And Bella is always complaining about all these people who immediately like her for no reason at all, seeing as she’s just incapable of being nice to anyone really. It doesn’t matter how awkward and clumsy and ‘dorky’ you say your character is if to the eyes of everyone around her she’s the bestest thing ever.
In a nutshell, a Mary Sue character exists inside this little protective bubble where having a crappy attitude yields no reactions from the people around them. And this is very important in my opinion. You need be able to differentiate between how a character sees themselves and their own actions and how their actions and attitude will come across to others.
Take someone like, say, Jake.
Not from Twilight… My Jake. 😛
It’s a common name. >.>
Anyway, let’s take Jake, for an example. There are several characters who don’t like Jake in the Shadows Series for what I consider to be completely legitimate reasons. Luckas thinks he’s a hypocrite for calling him a menace despite some of the things he himself has done and still does. He and Evin are just never going to get along because they’re both stubborn asses with very conflicting points of view on some things. Sometimes he’s just an outright asshole to people (even people he cares about) just because he’s stressed out or aggravated. He doesn’t want to be; he doesn’t mean to be, but his temper gets the better of him in some moments.
The thing about giving a good-natured character personality flaws like this is that some people are more forgiving of them than others. So, while Jake is regarded as a nice guy for the most part… If you ask around there’ll also be a good share of people who’ll say he’s an unlikable asshole.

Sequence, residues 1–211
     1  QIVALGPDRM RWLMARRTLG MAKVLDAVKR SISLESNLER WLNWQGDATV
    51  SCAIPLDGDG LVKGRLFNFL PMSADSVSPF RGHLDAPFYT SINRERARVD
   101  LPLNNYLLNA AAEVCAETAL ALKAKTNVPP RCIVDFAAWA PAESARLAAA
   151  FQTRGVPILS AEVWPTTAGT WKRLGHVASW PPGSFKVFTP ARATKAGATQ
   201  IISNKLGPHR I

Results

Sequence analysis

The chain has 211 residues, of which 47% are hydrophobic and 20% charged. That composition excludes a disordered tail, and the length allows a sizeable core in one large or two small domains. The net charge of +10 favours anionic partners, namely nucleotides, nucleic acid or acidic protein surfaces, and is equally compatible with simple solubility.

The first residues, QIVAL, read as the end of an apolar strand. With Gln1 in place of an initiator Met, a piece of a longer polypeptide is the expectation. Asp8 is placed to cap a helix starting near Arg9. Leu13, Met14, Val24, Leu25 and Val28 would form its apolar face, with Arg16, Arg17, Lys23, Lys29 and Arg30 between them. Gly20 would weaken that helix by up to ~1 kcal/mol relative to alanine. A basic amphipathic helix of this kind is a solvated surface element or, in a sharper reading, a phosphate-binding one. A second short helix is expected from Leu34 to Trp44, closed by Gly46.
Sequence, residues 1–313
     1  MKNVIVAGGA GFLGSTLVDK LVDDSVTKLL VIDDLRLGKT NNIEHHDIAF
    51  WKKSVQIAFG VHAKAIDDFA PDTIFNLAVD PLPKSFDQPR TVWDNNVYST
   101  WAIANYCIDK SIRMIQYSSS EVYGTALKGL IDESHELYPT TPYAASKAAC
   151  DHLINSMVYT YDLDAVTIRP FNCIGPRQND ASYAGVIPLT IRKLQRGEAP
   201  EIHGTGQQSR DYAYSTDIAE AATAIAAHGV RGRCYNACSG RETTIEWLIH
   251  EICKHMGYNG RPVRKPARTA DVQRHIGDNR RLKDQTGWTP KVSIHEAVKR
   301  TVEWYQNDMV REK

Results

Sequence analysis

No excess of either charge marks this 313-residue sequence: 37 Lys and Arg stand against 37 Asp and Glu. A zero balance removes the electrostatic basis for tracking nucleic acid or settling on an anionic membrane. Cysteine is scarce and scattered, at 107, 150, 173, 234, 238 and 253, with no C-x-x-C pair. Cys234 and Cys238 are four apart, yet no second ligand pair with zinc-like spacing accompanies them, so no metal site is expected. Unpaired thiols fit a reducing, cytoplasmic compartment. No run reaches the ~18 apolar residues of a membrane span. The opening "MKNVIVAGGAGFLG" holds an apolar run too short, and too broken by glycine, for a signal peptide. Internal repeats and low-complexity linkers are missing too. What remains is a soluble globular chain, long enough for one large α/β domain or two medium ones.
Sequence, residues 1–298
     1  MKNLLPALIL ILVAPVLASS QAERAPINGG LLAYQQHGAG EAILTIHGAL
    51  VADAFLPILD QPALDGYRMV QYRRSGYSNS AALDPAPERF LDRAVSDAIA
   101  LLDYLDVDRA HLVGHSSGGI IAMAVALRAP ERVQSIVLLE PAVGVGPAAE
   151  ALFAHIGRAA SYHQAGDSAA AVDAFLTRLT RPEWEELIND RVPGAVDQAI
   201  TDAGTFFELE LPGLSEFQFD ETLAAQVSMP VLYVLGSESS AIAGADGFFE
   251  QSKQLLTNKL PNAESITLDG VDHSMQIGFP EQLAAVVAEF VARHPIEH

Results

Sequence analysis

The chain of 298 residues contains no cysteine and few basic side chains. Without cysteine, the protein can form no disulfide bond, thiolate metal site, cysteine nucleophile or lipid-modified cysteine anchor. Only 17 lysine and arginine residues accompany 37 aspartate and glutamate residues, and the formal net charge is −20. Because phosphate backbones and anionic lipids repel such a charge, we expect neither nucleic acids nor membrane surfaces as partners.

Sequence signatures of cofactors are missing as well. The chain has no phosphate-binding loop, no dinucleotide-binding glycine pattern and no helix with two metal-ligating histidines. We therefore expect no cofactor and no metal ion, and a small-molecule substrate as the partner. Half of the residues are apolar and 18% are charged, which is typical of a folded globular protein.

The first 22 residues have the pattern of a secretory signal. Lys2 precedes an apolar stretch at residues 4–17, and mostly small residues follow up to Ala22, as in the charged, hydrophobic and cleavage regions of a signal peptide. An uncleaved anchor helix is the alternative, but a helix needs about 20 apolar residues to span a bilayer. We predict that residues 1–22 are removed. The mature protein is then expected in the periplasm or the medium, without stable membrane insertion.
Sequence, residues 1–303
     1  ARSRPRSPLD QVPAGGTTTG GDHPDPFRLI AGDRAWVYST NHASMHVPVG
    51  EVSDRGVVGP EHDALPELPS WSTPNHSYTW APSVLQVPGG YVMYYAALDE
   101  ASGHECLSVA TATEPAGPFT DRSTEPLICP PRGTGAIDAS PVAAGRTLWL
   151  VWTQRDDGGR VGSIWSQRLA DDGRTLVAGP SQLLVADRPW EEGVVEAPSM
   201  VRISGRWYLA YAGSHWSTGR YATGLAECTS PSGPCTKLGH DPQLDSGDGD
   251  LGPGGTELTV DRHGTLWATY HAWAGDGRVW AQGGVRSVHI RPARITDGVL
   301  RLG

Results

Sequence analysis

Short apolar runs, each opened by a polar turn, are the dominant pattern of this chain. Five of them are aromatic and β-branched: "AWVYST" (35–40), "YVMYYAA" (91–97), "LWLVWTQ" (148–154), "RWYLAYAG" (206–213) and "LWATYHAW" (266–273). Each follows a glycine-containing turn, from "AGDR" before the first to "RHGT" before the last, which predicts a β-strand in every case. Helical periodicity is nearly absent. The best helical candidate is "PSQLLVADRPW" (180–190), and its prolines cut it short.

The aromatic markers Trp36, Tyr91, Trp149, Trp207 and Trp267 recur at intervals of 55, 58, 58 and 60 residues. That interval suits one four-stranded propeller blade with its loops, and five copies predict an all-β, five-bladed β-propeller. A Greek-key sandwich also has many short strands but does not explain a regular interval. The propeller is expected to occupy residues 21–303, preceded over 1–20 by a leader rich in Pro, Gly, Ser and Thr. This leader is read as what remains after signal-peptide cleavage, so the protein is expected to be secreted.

The point I’m trying to make with this is that the impression a person makes on the people around them is not universal, or a character trait for that matter. It’s strongly dependent on who the other people are and what part of your character’s personality is more prominent while dealing with them. Their disposition and biases towards certain types of people will influence their behavior. This is why character interactions are so goddamn hard. It’s not just the main character’s personality that matters, it’s the personality of every single character involved and how they play off one another.
But if your entire Universe exists solely around that one character, then no one else will have enough of a personality to draw their own conclusion of them. Resulting in the author simply dictating how the world feels towards their character regardless of how they behave. Because somehow everyone still sees what kind of person they are inside… Or something… -.-
If your character’s flaws are only there so you can tell yourself they’re not perfect and/or only become prominent sometimes when it’s more convenient. You need to take a good hard look at what you’re doing.
For instance, you want to give your character a troubled past? Okay, but how does that past affect them now? And, I can’t stress this enough, when I say ‘affect’ I don’t mean ‘give your character PTSD’, I mean how does the character’s past shape the person they are today? Post-Traumatic Stress is one way to indicate someone coping with trauma; sure, but it’s not a personality trait. It’s something your character has to go through, and not something the character is.